Celebrate the 1969 Moon Landing

Astronaut Buzz Aldrin, lunar module pilot, stands on the surface of the moon near the leg of the lunar module, Eagle, during the Apollo 11 moonwalk. Astronaut Neil Armstrong, mission commander, took this photograph with a 70mm lunar surface camera. While Armstrong and Aldrin descended in the lunar module to explore the Sea of Tranquility, astronaut Michael Collins, command module pilot, remained in lunar orbit with the Command and Service Module, Columbia. This is the actual photograph as exposed on the moon by Armstrong. Public domain image.

Did you know that Stanley Kubrick, director of 2001: A Space Odyssey, filmed the faked moon landing in 1969?

Yes, there are people out there who actually believe the July 20, 1969, lunar landing was an elaborate hoax pulled off by the U.S. government and Hollywood. Why and how the many people who must have been involved have kept their mouths shut all this time, well, that is something the hoax theorists don’t talk about.

This month marks the 45th anniversary of the moon landing, and NASA is celebrating the occasion while it takes the steps needed for America’s next giant leap to send astronauts to Mars.

The world watched 45 years ago as astronauts Neil Armstrong and Buzz Aldrin set their lunar module Eagle down in the Sea of Tranquility, while crewmate Michael Collins orbited above in the command module Columbia.

The agency will commemorate Armstrong’s “one giant leap for mankind” through a number of events across, and above, the United States during the next two weeks, as well as on the agency’s website and NASA Television.

On Friday, July 18 at 12:30 pm CDT, NASA TV will air a discussion about the future of space exploration between scientists and actor, director, and narrator Morgan Freeman, live from NASA’s Jet Propulsion Laboratory (JPL) in Pasadena, Calif. The event also will include NASA astronaut Reid Wiseman participating from the International Space Station.

Also on Friday at 2:30 pm, NASA will host a discussion with Buzz Aldrin and astronaut Mike Massimino at the Intrepid Sea, Air & Space Museum in New York.

On Sunday, July 20, at 9:39 pm, when Armstrong opened the spacecraft hatch to begin the first spacewalk on the moon 45 years ago, NASA TV will replay the restored footage of Armstrong and Aldrin’s historic steps on the lunar surface.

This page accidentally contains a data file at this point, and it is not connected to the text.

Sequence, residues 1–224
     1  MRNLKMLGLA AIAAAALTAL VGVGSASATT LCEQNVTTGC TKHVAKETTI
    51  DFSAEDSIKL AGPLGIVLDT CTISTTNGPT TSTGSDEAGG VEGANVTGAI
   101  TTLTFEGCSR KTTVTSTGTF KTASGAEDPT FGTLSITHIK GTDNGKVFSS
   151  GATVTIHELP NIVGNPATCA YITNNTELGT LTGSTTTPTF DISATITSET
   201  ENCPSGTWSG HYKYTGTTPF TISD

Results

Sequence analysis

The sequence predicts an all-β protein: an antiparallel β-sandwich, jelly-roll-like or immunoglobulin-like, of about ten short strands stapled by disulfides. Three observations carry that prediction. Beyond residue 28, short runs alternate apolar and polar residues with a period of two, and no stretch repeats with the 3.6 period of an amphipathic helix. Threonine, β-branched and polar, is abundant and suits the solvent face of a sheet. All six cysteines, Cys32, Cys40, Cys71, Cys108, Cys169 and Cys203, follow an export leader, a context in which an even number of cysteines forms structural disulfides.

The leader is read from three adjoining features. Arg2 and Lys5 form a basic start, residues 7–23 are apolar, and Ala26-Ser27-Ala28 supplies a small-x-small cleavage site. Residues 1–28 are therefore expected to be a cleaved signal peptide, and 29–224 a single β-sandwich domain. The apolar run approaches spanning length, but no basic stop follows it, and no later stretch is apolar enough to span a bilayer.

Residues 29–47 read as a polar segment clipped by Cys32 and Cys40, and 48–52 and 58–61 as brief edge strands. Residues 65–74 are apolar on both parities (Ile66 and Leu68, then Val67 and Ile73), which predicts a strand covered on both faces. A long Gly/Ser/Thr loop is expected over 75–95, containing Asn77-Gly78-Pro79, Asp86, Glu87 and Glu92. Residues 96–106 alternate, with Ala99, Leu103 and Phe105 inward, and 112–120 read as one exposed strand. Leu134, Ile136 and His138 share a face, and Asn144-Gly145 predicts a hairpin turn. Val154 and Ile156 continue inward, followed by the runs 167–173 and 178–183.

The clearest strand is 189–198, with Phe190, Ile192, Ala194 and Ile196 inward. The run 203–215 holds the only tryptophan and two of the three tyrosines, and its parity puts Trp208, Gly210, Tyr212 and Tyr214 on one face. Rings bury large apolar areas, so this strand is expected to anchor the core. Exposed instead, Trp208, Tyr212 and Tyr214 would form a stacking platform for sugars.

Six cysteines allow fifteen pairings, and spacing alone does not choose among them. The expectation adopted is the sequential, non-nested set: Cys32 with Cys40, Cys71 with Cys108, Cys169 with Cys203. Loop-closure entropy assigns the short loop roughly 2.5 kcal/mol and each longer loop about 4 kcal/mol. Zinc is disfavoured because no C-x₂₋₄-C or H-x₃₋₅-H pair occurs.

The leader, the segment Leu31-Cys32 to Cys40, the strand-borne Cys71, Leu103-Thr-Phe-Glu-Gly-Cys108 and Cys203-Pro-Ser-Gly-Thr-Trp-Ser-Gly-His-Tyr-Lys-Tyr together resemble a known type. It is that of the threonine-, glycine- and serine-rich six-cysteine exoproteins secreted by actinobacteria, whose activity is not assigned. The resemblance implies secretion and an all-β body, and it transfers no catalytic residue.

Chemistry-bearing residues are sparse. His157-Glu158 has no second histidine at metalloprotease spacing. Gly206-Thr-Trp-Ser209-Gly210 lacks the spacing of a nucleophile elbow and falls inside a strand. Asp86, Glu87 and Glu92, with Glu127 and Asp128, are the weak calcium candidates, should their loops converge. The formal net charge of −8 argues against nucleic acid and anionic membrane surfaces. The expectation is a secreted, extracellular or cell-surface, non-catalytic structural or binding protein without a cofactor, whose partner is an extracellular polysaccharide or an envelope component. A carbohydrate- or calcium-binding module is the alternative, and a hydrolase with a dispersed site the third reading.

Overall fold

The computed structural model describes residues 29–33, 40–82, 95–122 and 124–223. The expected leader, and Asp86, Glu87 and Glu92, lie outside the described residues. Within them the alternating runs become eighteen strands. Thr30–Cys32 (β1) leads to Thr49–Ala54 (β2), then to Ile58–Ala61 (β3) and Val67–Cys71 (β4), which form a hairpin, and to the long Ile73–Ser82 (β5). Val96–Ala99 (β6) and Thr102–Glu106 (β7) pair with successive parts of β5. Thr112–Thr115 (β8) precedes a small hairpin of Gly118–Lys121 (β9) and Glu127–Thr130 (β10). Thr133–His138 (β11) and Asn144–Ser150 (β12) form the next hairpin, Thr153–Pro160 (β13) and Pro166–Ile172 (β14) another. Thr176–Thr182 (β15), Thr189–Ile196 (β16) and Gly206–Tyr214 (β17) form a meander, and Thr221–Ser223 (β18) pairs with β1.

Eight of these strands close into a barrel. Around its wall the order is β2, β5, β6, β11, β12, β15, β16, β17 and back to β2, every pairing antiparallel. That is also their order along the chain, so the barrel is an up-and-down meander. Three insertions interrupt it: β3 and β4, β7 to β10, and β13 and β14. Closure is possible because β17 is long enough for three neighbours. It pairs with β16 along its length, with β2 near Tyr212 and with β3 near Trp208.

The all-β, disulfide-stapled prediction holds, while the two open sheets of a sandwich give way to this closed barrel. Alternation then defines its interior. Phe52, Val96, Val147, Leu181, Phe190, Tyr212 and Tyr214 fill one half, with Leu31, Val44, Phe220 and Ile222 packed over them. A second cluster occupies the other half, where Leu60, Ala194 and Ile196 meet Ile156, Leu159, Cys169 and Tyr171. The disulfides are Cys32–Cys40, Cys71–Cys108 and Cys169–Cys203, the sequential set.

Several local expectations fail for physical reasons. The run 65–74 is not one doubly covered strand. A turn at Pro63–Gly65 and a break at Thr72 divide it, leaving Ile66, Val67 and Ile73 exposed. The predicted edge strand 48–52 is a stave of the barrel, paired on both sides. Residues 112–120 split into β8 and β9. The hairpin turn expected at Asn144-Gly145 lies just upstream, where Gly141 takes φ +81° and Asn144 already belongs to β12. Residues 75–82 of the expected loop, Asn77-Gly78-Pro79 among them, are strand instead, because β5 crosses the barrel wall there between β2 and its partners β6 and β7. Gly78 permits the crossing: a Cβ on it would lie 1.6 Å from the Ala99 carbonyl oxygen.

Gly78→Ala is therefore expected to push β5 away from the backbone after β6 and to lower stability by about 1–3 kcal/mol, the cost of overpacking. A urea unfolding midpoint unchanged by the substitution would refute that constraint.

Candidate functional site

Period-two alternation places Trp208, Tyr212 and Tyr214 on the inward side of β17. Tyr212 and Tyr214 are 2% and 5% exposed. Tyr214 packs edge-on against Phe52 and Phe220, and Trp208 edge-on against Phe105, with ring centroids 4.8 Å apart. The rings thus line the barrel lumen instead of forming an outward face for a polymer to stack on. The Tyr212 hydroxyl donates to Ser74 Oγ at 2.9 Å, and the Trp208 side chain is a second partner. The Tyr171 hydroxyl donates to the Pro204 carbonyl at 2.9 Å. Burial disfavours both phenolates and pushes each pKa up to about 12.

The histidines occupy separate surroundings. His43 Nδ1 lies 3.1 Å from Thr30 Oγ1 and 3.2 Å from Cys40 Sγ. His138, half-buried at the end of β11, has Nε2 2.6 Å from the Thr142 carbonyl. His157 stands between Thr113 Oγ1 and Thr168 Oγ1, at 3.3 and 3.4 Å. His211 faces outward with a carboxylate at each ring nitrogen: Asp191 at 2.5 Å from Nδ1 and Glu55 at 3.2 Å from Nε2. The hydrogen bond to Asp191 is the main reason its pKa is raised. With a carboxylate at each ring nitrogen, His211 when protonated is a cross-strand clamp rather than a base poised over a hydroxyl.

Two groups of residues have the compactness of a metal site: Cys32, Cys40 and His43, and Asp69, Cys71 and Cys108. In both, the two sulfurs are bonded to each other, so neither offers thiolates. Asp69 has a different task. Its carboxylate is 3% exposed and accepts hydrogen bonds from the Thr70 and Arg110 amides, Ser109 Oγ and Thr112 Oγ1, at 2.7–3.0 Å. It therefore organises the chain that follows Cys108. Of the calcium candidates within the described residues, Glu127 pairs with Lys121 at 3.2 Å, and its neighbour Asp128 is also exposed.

On Monday, July 21, at 9 am from the agency’s Kennedy Space Center in Florida, NASA TV will air live coverage of the renaming of the center’s Operations and Checkout Building in honor of Armstrong, who died in 2012. The renaming ceremony will include Apollo 11’s Collins, Aldrin and astronaut Jim Lovell, who was the mission’s back-up commander. International Space Station NASA astronauts Wiseman and Steve Swanson, who is the current station commander, also will take part in the ceremony from their orbiting laboratory 260 miles above Earth.

Today, the facility is being used to process and assemble NASA’s Orion spacecraft, which the agency will use to send astronauts to an asteroid in the 2020s and Mars in the 2030s.

On Thursday, July 24, at 5 pm, which is the 45th anniversary of Apollo 11’s return to Earth, the agency will host a panel discussion – called NASA’s Next Giant Leap – from Comic-Con International in San Diego. Moderated by actor Seth Green, the panel includes Aldrin, NASA Planetary Science Division Director Jim Green, JPL systems engineer Bobak Ferdowsi, and NASA astronaut Mike Fincke, who will talk about Orion and the Space Launch System rocket, which will carry humans on America’s next great adventure in space. will host features, videos, and historic images and audio clips that highlight the Apollo 11 anniversary, as well as the future of human spaceflight. To explore all the special content, visit

To join the ongoing conversation on social media about the anniversary and NASA’s deep space exploration plans, use the hashtags #NextGiantLeap and #Apollo45.

For NASA TV streaming video, downlink and scheduling information, visit

For information about the activities, planning and preparations for the next giant leap in space exploration, visit